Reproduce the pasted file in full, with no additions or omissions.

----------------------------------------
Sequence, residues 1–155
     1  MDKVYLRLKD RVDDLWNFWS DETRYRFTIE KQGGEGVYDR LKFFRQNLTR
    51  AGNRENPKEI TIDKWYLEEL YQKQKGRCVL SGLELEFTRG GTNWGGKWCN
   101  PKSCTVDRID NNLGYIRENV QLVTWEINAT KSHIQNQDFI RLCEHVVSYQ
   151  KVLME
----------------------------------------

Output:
Sequence, residues 1–155
     1  MDKVYLRLKD RVDDLWNFWS DETRYRFTIE KQGGEGVYDR LKFFRQNLTR
    51  AGNRENPKEI TIDKWYLEEL YQKQKGRCVL SGLELEFTRG GTNWGGKWCN
   101  PKSCTVDRID NNLGYIRENV QLVTWEINAT KSHIQNQDFI RLCEHVVSYQ
   151  KVLME